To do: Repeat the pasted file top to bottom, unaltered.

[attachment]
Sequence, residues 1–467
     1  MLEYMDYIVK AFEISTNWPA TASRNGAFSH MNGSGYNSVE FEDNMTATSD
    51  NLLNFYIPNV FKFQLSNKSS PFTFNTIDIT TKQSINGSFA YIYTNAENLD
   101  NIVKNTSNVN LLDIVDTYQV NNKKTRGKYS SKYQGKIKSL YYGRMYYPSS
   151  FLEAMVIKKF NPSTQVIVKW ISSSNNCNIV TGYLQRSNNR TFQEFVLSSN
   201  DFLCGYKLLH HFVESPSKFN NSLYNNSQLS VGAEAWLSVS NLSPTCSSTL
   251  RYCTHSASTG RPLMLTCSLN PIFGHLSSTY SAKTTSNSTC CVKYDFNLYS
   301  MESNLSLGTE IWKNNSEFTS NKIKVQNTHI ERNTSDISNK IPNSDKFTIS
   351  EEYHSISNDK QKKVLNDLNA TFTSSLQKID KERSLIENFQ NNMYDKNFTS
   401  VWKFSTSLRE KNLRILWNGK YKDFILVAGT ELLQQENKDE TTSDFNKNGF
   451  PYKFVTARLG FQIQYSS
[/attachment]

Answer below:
Sequence, residues 1–467
     1  MLEYMDYIVK AFEISTNWPA TASRNGAFSH MNGSGYNSVE FEDNMTATSD
    51  NLLNFYIPNV FKFQLSNKSS PFTFNTIDIT TKQSINGSFA YIYTNAENLD
   101  NIVKNTSNVN LLDIVDTYQV NNKKTRGKYS SKYQGKIKSL YYGRMYYPSS
   151  FLEAMVIKKF NPSTQVIVKW ISSSNNCNIV TGYLQRSNNR TFQEFVLSSN
   201  DFLCGYKLLH HFVESPSKFN NSLYNNSQLS VGAEAWLSVS NLSPTCSSTL
   251  RYCTHSASTG RPLMLTCSLN PIFGHLSSTY SAKTTSNSTC CVKYDFNLYS
   301  MESNLSLGTE IWKNNSEFTS NKIKVQNTHI ERNTSDISNK IPNSDKFTIS
   351  EEYHSISNDK QKKVLNDLNA TFTSSLQKID KERSLIENFQ NNMYDKNFTS
   401  VWKFSTSLRE KNLRILWNGK YKDFILVAGT ELLQQENKDE TTSDFNKNGF
   451  PYKFVTARLG FQIQYSS